• Last Updated:
  • Jan 21st, 2014 8:49 am
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[OP]
Member
Aug 3, 2011
490 posts
40 upvotes
Edmonton

RRSP Question.

Hi.

I am not sure if I understand RRSP correctly.

For example,

Let's say I made $50,000 last year so my tax bracket will be 32%($16000, in Alberta). And I decide to put $8000 to RRSP to lower my tax bracket to the lowest. Then my income will be $42000 and I am supposed to pay 25%($10500). So that means I am getting $5500 tax return by putting $8000 RRSP?

Please let me know if I misunderstand something.

Thank you.
12 replies
Deal Expert
Mar 25, 2005
21262 posts
2086 upvotes
hogujak wrote:
Jan 20th, 2014 11:18 pm
Hi.

I am not sure if I understand RRSP correctly.

For example,

Let's say I made $50,000 last year so my tax bracket will be 32%($16000, in Alberta). And I decide to put $8000 to RRSP to lower my tax bracket to the lowest. Then my income will be $42000 and I am supposed to pay 25%($10500). So that means I am getting $5500 tax return by putting $8000 RRSP?

Please let me know if I misunderstand something.

Thank you.
Taxes are tiered. 32% is the marginal rate only.
Sr. Member
Sep 25, 2006
598 posts
58 upvotes
Ottawa
If you're in the 32% bracket and you put $8000 in rrsp, you get 32% back from your refund which is 2560.
[OP]
Member
Aug 3, 2011
490 posts
40 upvotes
Edmonton
Kasakato wrote:
Jan 20th, 2014 11:19 pm
Taxes are tiered. 32% is the marginal rate only.
So that means.. I pay 25% tax up to $43953 and pay 32% for $6547($50000-$43953)?
[OP]
Member
Aug 3, 2011
490 posts
40 upvotes
Edmonton
Quanger wrote:
Jan 20th, 2014 11:24 pm
If you're in the 32% bracket and you put $8000 in rrsp, you get 32% back from your refund which is 2560.

Oh Ok that make sense. Thank you !!
Deal Expert
Mar 25, 2005
21262 posts
2086 upvotes
hogujak wrote:
Jan 20th, 2014 11:25 pm
So that means.. I pay 25% tax up to $43953 and pay 32% for $6547($50000-$43953)?
Assuming 25 and 32% are correct, yup thats right. As mentioned above your refund works the same way.
[OP]
Member
Aug 3, 2011
490 posts
40 upvotes
Edmonton
Kasakato wrote:
Jan 20th, 2014 11:28 pm
Assuming 25 and 32% are correct, yup thats right. As mentioned above your refund works the same way.
For my case, is it better to invest money on TFSA because my tax rate is relatively low(32%)?
Member
Jun 22, 2006
270 posts
20 upvotes
Vancouver
Low or high is compared to your tax rate when retiring. If you are expecting you will have higher income when you retire, then it probably better to contribute to TFSA.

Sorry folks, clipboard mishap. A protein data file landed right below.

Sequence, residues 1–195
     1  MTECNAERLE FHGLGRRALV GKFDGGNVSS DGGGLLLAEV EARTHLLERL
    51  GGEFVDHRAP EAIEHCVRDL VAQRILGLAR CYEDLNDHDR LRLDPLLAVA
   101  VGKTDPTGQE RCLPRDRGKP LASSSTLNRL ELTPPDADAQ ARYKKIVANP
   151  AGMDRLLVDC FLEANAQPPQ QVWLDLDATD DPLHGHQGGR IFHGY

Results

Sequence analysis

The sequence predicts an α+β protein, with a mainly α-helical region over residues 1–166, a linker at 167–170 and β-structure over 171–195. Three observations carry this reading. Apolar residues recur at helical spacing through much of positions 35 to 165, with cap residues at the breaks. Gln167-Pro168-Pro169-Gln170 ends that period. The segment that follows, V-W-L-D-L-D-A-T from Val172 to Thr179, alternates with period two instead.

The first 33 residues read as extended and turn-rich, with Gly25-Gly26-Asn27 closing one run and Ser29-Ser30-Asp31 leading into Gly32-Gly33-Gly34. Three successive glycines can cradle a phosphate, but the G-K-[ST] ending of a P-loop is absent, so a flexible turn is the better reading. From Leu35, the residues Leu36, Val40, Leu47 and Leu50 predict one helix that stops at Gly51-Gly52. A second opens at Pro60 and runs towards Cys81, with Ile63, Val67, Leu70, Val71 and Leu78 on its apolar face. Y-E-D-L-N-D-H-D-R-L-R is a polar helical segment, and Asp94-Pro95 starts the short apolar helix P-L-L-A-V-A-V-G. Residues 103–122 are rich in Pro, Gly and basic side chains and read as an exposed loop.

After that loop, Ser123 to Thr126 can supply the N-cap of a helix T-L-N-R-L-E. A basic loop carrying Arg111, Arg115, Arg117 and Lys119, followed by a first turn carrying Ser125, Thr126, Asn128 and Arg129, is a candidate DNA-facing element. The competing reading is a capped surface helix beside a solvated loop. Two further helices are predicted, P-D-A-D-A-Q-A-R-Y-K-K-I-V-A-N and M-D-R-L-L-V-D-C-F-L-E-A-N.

Sr. Member
Sep 25, 2006
598 posts
58 upvotes
Ottawa
What are your goals? Looking to buy first home? Looking to avoid laying tax during tax season?
[OP]
Member
Aug 3, 2011
490 posts
40 upvotes
Edmonton
Quanger wrote:
Jan 21st, 2014 1:05 am
What are your goals? Looking to buy first home? Looking to avoid laying tax during tax season?
I already have a home. Just looking for the best way to save some money for retirement :)
Sr. Member
Sep 25, 2006
598 posts
58 upvotes
Ottawa
I would make 300$ monthly contributions to rrsp and another 200/month to the tfsa. I would go moderate aggressive for my rrsp since I won't be retiring for another 25yrs. I would take the tax refunds and put it in tfsa to maximize it. Current limit is 31k, so if you havnt already, fill er up.
Deal Fanatic
Jul 1, 2007
8068 posts
903 upvotes
hogujak wrote:
Jan 20th, 2014 11:38 pm
For my case, is it better to invest money on TFSA because my tax rate is relatively low(32%)?
For us Albertans that 32% is relatively high, when you consider the highest MTR is 39%. The rate of tax on income over $44K is a 7% jump higher than the income below, so an RRSP is worthwhile if you can wipe out any taxable income in the 2nd bracket or higher. TFSA is nice too though. Try to do both.
Money Smarts Blog wrote:
Nov 29th, 2010 11:18 am
I agree with the previous posters, especially Thalo. {And} Thalo's advice is spot on.
Deal Expert
Mar 25, 2005
21262 posts
2086 upvotes
hogujak wrote:
Jan 20th, 2014 11:38 pm
For my case, is it better to invest money on TFSA because my tax rate is relatively low(32%)?
Its all relative to when you're in retirement and on fixed income. Estimate your income now till retirement and see how the tax credits are best used.

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